Book Review: The Riddle of Gravitation — From Newton to Einstein to Today’s Theories

1. Who Should Read This Book

I hesitated quite a bit when I picked up Peter Bergmann’s book The Riddle of Gravitation — From Newton to Einstein to Today’s Theories for the following reasons:

  • Firstly, the book was published in 1968, so I suspected its views might be outdated.
  • Secondly, I had never heard of Professor Bergmann before (hardly the professor’s fault!).
  • Thirdly, the reviews on were mediocre.

However, after reading a few random passages, my impression changed, and I decided to purchase it.

The book is quite good for reasons I will articulate below. Regarding the intended audience, the reader is expected to understand at least the fundamentals of the special and general theories of relativity and some quantum mechanics. Although the book is of the popular science genre with hardly any maths inside, its physics is serious and thorough.

2. Synopsis

The Riddle of Gravitation explains the physics of gravitation and the theories that describe it. This is the principal aim of Dr Bergmann as far as this book goes. It begins by surveying Newton’s theory of gravity and the three laws of dynamics, moving on to the Special Theory of Relativity and finally covering the General Theory of Relativity, both in theory and in terms of experiments at that day.

Although the theoretical physics discussions in the book were fascinating, the observation and experimentation physics is quite outdated. However, it must be pointed out that this book was written before the discovery of black holes and while the Cosmic Background Radiation observations and cosmological modes were still in their infancy.

3. Structure of The Riddle of Gravitation

The book is divided into three parts:

  • Newtonian Physics and Special Relativity. The chapters in this part of the book discuss Newtonian concepts of gravitation, such as inertial frames, planetary orbits, mass, energy, momentum, and the conservation laws of these quantities. Then it briefly touches on Maxwell’s theory of electromagnetism, the constancy of the speed of light in a vacuum, and how special relativity resolves the apparent paradox between Newton and Galileo’s laws and the latter.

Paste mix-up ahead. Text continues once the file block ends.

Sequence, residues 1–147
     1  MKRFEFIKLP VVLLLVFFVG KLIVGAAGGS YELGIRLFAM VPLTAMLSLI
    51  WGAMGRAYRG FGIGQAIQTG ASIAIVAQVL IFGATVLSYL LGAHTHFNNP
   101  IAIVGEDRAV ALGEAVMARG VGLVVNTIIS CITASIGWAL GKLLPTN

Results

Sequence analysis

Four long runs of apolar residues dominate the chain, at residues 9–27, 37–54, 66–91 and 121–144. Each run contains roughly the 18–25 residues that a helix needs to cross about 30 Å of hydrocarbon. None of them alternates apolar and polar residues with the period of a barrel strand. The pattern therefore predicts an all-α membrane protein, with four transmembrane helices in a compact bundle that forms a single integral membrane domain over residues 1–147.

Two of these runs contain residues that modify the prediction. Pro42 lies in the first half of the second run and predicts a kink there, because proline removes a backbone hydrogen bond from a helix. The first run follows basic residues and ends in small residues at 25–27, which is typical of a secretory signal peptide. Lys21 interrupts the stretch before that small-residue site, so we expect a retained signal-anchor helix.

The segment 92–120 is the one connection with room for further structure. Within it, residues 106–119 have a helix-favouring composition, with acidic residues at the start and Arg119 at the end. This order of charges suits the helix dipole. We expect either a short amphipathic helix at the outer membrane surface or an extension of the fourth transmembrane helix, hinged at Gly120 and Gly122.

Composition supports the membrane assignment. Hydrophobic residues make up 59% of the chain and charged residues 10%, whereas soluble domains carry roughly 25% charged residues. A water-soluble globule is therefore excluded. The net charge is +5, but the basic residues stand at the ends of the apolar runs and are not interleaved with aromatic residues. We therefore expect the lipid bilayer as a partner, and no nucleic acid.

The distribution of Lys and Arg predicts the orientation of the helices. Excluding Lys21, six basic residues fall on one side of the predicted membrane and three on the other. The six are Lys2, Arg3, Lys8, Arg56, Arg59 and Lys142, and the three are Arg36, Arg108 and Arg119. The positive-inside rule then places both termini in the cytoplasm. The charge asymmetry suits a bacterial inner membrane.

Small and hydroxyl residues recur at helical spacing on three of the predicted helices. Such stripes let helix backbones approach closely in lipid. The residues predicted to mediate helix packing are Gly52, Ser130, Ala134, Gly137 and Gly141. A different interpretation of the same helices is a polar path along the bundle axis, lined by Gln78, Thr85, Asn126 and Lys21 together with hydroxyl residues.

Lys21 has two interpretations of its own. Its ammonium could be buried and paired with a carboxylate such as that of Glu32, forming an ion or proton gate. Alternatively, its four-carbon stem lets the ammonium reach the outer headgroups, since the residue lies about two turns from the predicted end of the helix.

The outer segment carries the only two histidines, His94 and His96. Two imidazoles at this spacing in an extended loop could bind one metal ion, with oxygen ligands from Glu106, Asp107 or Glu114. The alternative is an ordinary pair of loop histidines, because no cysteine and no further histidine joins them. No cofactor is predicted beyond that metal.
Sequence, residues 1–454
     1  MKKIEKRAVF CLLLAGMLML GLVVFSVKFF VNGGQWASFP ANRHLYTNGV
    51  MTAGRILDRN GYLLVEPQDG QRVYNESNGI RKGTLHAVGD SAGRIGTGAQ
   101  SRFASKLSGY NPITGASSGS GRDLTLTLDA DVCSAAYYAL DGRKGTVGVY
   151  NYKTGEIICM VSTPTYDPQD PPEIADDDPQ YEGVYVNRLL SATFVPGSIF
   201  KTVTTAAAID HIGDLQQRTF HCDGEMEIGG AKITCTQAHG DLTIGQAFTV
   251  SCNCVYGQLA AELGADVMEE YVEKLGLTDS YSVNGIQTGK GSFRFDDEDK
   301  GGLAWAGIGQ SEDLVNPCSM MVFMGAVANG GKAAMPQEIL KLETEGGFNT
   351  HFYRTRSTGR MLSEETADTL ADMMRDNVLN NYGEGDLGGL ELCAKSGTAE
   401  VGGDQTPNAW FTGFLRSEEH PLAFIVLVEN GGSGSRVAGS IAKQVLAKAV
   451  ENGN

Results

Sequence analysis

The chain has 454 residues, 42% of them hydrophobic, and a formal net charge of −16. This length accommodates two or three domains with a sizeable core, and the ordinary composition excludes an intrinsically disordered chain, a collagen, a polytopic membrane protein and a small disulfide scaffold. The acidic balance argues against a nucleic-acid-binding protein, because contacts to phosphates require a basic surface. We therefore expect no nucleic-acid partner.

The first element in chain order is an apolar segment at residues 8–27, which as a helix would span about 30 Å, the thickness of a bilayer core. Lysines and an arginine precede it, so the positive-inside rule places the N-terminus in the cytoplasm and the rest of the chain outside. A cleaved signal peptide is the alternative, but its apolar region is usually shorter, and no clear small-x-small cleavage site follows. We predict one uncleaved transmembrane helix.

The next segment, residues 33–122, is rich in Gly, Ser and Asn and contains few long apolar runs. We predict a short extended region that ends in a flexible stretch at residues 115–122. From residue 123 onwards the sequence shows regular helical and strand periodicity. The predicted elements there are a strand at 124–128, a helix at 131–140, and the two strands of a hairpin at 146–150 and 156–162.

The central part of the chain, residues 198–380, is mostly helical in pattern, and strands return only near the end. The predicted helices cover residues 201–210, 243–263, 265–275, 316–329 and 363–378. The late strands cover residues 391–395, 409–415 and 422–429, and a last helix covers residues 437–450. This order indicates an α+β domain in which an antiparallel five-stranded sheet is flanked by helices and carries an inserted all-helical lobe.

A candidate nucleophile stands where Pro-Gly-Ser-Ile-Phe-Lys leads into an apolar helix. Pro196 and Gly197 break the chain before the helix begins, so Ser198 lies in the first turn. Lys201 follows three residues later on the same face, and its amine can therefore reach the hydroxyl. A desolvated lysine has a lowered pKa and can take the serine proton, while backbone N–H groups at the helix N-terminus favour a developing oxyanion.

• General Relativity. The chapters in this part of The Riddle of Gravitation focus on the principal tenets of General Relativity, i.e. the stress-energy tensor, the curvature of spacetime, and Einstein’s field theory of gravitation. It also discusses the Schwarzschild solution to Einstein’s field equation and its implications on massive bodies and the motion of particles, as well as the event horizon.
  • Recent Developments. Given that the book was published more than 55 years ago, what was recent back then has become classical or outdated today. For example, I found the discussion on the steady state theory of cosmology quite superfluous. However, this part covered other fascinating topics like gravitational collapse, quantum gravity, and the nature of space and time.

4. What I Loved About The Riddle of Gravitation

Some examples of what sets Dr Bergmann’s book The Riddle of Gravitation apart from other titles in the genre.

  • The book has zero fluff. No anecdotes, laborious metaphors, or personal accounts. This meant a new idea, concept, or insight in every chapter, section, and paragraph.